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Behind Microsoft's Windows 8-Powered iPad Rival

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    NEWSLETTERS

    It took two years and three iPads later, but Monday, at a special event in Los Angeles, Microsoft unveiled its answer to Apple's tablet: the Surface. (No, it's not that Surface.) The Surface runs Windows 8 and is the slickest hardware Microsoft's released since the Xbox 360.

    Steve Ballmer opened the event by saying that the Xbox 360 was successful because Microsoft gave partners a strong hardware platform to deliver their content on — resulting in a synergy of hardware and software that's put the machine at the top of the sales charts. The strategy is not dissimilar to how Apple's vertically integrated infrastructure of software and hardware have yielded successful iOS and Mac products, year after year.

    An Engineering Marvel

    The Surface is a 9.3mm thick tablet cut from liquid metal magnesium with a 10.6-inch display (1366x768 resolution). It weighs 1.5 pounds and has sides that are cut at a 22-degree angle — so that it "feels natural in your hands." It's got a full-sized USB 3.0, a DisplayPort, microSD card slot and its rear has a pop-out kickstand.

    Whereas iPads are mostly used as consumption devices, Windows machines are mostly used as productivity machines. Microsoft realized this and instead of alienating those users, it also designed a magnetic keyboard cover called the "Touch Cover" (like a Smart Cover) made from Northwest polar tech that turns on a multitouch keyboard and trackpad. It also doubles as a cover to protect Surface's display. And it's only 3mm thick. Unbelievable.

    If you're an old bird who just can't let go of tactile buttons, there's also a Type Cover that has clicky keys and a trackpad.

    Microsoft's President of Windows and Windows Live Steve Sinofsky said on stage that, "Typing is twice as efficient as typing on glass" and that each press "measures touch faster than any keyboard you can use today."

    What about heat dissipation? Microsoft's got that figured out, too. Surface uses "perimeter venting" all along the underside of the Surface, so you "never block it with your hands."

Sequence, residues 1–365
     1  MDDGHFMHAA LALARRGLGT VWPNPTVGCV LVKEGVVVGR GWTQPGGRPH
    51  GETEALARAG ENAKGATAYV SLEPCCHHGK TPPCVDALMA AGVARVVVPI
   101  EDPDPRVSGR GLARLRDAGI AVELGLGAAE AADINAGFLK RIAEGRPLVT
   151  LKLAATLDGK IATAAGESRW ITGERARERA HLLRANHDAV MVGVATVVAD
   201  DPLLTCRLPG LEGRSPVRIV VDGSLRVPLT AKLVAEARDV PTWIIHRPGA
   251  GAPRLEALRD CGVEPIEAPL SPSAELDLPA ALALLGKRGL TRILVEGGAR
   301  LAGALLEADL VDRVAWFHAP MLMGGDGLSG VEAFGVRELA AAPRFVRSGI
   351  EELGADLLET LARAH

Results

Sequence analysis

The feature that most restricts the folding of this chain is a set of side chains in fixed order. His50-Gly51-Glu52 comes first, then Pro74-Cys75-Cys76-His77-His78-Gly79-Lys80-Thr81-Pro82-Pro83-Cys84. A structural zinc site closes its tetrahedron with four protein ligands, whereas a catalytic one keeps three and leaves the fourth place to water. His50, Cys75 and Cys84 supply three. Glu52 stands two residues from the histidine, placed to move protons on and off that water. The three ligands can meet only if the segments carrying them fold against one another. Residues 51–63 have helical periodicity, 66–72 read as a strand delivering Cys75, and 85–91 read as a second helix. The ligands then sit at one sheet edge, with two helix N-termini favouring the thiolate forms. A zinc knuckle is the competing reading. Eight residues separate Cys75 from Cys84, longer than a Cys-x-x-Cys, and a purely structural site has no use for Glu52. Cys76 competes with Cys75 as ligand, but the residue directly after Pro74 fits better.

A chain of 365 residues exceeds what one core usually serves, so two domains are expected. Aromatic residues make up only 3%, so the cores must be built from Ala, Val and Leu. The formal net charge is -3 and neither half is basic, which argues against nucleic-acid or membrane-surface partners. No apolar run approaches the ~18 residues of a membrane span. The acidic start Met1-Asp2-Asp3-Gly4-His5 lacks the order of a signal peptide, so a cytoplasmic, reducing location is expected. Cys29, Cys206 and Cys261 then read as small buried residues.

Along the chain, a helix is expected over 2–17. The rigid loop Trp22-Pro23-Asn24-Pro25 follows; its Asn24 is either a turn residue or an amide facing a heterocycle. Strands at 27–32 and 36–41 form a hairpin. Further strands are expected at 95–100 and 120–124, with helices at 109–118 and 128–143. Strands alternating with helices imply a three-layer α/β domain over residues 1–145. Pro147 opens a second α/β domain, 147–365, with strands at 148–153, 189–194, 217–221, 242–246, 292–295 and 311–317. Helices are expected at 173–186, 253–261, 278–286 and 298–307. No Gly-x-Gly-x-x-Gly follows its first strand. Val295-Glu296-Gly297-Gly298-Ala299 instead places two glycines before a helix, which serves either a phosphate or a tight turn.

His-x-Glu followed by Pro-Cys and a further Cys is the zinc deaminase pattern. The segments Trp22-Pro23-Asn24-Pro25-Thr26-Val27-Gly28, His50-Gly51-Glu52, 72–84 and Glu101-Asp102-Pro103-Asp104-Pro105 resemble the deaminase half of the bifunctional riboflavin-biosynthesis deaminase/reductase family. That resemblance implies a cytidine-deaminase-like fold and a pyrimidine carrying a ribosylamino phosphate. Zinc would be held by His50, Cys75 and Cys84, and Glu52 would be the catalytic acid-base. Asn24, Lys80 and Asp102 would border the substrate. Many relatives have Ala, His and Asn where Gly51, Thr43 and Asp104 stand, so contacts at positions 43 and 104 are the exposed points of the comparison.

Picking The Right Surface For You

    Naturally, the Surface will run Windows 8. There will be two models. One will run Windows RT (Metro Windows 8) and the other will be an Intel-powered Windows 8 (runs the Pro version of Windows 8; that includes classic view).

    The Windows RT Surface will come in 32GB and 64GB capacities, while the Intel Surface will sport 64GB and 128GB storage options and all of the specs are as stated above.

    The Intel-powered Surface is slightly thicker at 13.5mm and weighs 1.9 pounds. It's also got a sharper high resolution display — a ClearType Display.

    According Michael Angiulo, Microsoft's Corporate Vice President for Microsoft, the Intel-powered Surface uses less power than the latest Ivy Bridge Core i5 processors and "rivals that of the best Ultrabooks that have ever been announced." That's a bold statement to make.

    There's also a stylus that can input "digital ink" at 600 DPI. In layman's terms, it should feel just like writing on paper, with virtually no lag. We're skeptic about the revival of the stylus for tablets, but if Microsoft's sorted all the jankiness, we're down to give it another try.

    Is Microsoft Too Late?

    As with the Zune HD and Windows Phone 7, Microsoft's fashionably late to the tablet party (even the event in L.A. started off late). While it can be argued that the iPad has had no real competitor aside from a few Android tablets sprinkled here and there, Microsoft's Surface presents a chance to disrupt the iPad's market domination, if the tablet is priced competitively.

    Microsoft deliberately left out details on specific pricing and availability. If the Windows RT model doesn't sell for $500 or under, it'll be dead on arrival. However, Sinofsky did say that the Intel version of Surface will be priced "comparable with competitive Ultrabook class PCs." So, roughly, $800 and up for the higher-end Surface.

    From what we've seen, the Surface definitely looks like a sweet piece of kit. Microsoft just needs to convince consumers that it is, too.

    Does Microsoft's Surface stand a chance against the iPad and Galaxy Tabs? Sound off in the comments below.

    Microsoft, via The Verge